Opinion

Felix Salmon

Why Berkshire’s cutting back on reinsurance

By Felix Salmon
July 13, 2009

Scott Patterson reports that Berkshire Hathaway wrote less than half the amount of reinsurance in 2008 as it did in 2006, and that 2009 will be substantially lower still. He relates this development to Berkshire’s credit rating, which was downgraded from triple-A by Moody’s in April:

In its credit opinion, Moody’s also cited the potential volatility of Berkshire’s “catastrophe-exposed business.” Berkshire is a major investor in Moody’s Corp., parent of the ratings group…

A higher book value and a rising cash stockpile could eventually lead to a reinstatement of Berkshire’s Aaa rating, though Moody’s isn’t likely to reverse itself soon.

If and when Berkshire wins back a higher rating, that could pave the way for the company to move aggressively back into the property catastrophe market.

It strikes me that the really important thing here isn’t Berkshire’s credit rating, so much as its CDS spreads. Reinsurers used to feel that they needed a triple-A rating because that connoted utter safety: you could reinsure your catastrophe risk with Berkshire safe in the knowledge that the risk of Berkshire being unable to meet its obligations was significantly lower than the risk of, say, a hurricane hitting New York.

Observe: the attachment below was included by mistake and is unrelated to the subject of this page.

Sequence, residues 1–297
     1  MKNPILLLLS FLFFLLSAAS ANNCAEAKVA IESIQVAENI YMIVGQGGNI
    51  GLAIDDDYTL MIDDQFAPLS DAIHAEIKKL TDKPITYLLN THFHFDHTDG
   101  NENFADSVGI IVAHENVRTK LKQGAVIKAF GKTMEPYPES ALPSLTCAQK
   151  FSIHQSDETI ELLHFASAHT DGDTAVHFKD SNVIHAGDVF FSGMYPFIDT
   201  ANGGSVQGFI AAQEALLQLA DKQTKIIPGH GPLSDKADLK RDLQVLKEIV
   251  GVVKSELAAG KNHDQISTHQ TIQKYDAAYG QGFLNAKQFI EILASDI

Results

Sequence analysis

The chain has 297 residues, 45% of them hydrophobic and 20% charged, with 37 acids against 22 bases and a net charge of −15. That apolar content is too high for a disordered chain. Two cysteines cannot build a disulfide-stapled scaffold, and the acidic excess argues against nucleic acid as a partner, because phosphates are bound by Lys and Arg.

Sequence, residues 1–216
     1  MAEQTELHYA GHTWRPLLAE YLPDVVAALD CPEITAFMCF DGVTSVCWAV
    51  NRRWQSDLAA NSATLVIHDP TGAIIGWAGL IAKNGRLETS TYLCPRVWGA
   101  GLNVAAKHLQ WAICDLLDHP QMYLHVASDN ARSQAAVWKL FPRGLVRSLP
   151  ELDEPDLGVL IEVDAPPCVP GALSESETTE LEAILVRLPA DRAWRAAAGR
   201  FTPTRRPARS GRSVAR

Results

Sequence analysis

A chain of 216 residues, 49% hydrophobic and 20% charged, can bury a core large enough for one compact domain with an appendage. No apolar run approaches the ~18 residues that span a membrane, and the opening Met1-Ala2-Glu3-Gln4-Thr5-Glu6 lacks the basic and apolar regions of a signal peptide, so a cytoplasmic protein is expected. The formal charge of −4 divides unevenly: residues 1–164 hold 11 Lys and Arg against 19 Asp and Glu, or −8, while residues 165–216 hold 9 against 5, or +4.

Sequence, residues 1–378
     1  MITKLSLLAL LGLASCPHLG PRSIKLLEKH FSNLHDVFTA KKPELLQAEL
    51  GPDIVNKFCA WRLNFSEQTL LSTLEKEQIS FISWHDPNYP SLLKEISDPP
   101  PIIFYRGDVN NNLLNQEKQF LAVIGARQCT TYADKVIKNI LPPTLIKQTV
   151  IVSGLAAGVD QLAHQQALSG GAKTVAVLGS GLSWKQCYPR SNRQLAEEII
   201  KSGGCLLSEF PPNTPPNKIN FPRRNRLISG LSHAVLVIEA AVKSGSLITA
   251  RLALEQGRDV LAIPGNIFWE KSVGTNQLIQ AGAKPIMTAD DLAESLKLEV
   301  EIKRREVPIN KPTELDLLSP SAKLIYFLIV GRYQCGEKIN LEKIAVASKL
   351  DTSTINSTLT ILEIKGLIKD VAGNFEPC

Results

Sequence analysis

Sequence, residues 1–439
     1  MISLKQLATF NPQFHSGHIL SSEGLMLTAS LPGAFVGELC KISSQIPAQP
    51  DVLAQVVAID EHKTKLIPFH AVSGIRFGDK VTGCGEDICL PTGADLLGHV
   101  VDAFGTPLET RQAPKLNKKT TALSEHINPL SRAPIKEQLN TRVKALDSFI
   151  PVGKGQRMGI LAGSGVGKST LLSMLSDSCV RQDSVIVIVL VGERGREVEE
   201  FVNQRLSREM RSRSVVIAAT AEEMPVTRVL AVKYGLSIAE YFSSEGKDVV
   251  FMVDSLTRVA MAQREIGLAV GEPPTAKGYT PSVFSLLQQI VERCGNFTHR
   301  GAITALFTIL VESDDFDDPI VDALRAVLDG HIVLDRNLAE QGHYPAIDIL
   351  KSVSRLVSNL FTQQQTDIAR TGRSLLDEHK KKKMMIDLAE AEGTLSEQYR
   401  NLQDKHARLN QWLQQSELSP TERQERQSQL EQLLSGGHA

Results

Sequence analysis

Now that the value of a triple-A rating has plunged, however, in the wake of many formerly triple-A-rated securities defaulting over the past year or two, insurers are going to feel much more need to hedge their counterparty risk when it comes to their reinsurance contracts. As a result, the cost of reinsurance isn’t just the cost of the premiums any more: it’s the cost of the premiums plus the cost of buying credit protection on the reinsurer.

Conversely, from Berkshire’s point of view, every dollar that Berkshire reinsures is another dollar of demand for Berkshire credit protection, and the upward pressure on Berkshire’s CDS spreads will remain. And thanks to delta hedging and capital-structure arbitrage, sellers of Berkshire credit protection will ultimately end up depressing the Berkshire share price.

Berkshire’s shares are looking pretty cheap these days: at $85,000 apiece, they’re lower than they were five years ago. But five years ago, the idea that Berkshire’s insurance products would have to be discounted by its counterparty risk would have been unthinkable. Without its triple-A moat, Berkshire looks much less special than it did back then.